Second, when he says, ‘this isn’t on my conscience’ – it’s clear that it is beginning to settle onto hers, that fear that Allison lost her life because she and Booth weren’t on the job.
That question of responsibility then builds to my favorite scene in the episode, when they solve the puzzle of the holes in the bones.
It fascinates me that the show is still finding new ways to reveal things about the two of them as partners. Here, there’s a reversal of roles, which is pretty cool.
We see it first when they’re talking to Allison’s husband and Brennan’s the better interviewer. Unlike times when she’s understood the witness better than Booth (i.e., The Spark in the Park), here, it’s that she understands Booth enough to interpret for him, and I love what that says about them.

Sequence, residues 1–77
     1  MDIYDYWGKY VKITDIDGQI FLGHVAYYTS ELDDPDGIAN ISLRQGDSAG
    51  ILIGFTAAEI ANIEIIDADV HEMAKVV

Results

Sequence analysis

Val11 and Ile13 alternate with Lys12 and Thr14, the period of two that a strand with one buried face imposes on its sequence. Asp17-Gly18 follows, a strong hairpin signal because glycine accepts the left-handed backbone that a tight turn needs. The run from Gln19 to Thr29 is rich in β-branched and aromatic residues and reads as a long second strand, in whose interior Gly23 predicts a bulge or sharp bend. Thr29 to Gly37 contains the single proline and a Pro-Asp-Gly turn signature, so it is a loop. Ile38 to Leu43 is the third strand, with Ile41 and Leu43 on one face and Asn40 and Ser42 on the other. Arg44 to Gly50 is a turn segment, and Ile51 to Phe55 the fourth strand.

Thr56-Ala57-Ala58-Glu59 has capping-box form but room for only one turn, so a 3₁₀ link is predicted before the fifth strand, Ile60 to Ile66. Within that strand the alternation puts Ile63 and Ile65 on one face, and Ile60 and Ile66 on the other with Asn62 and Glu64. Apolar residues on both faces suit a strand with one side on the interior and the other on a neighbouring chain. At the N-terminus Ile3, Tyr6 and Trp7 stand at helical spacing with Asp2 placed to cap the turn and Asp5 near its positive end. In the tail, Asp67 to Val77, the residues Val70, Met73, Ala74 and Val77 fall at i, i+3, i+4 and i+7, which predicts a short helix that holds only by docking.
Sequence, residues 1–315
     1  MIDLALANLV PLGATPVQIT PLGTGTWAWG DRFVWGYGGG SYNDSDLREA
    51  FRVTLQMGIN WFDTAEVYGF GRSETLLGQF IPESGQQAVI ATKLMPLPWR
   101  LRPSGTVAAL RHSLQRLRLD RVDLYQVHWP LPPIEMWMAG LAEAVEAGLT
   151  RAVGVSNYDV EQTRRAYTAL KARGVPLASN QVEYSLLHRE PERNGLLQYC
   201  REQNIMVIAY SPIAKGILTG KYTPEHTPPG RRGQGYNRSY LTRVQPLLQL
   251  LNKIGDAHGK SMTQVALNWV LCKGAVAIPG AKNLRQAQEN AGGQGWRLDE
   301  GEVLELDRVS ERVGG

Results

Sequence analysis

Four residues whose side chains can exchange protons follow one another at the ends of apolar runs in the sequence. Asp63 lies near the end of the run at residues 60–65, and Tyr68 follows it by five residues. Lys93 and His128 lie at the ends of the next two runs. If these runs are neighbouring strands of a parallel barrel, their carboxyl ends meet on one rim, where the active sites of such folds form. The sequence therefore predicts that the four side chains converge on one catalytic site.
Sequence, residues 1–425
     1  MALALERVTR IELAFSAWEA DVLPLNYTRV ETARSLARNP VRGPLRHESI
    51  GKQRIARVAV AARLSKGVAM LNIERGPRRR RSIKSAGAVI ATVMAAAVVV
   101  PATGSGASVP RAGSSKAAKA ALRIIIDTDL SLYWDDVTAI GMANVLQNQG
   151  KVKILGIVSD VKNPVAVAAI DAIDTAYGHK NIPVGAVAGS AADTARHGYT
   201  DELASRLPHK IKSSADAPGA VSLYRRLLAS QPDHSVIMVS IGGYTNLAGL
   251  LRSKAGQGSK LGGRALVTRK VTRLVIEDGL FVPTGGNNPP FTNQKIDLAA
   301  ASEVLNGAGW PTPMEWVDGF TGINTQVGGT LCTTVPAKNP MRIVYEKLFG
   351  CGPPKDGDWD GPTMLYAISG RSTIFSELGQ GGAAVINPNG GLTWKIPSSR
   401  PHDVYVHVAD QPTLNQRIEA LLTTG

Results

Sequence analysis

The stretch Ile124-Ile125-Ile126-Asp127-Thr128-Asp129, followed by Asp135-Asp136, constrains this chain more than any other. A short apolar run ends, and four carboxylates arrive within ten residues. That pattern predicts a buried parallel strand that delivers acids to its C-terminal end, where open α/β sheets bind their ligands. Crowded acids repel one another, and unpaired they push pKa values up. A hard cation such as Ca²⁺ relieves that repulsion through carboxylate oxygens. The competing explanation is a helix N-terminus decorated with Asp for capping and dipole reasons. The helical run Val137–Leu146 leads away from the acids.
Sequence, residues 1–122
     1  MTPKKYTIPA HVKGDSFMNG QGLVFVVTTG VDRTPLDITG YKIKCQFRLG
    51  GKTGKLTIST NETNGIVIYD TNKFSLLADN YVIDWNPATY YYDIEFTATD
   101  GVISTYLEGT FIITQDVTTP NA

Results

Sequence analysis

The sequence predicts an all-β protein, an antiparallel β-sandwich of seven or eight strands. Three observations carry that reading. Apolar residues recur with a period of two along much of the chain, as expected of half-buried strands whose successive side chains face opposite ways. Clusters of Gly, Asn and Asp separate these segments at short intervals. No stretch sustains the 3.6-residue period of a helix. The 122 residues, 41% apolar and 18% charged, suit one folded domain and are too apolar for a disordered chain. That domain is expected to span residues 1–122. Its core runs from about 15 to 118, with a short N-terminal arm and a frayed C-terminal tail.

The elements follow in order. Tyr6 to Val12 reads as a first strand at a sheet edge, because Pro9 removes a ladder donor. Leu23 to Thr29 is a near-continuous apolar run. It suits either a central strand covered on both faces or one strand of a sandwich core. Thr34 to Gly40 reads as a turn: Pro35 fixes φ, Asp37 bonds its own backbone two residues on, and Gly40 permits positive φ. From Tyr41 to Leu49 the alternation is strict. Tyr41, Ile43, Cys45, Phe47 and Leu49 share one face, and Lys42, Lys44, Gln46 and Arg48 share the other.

The reversal theme continues when he turns into a squint, figuring out the purpose of the holes in the bones. Imagination and life experience factor into puzzle solving, and while Brennan might have figured it out eventually, he sees it first.
Every episode is about the two of them working together to solve a murder, but because their fields of expertise are wildly different, we generally see them discussing the theories and findings they and their people are coming up with, rather than combining their talents to actually work the evidence together. The last time I remember it happening, in what’s still one of my all-time favorite scenes of the two of them, is when they figured out the location of the Hoover papers in The Lance to the Heart.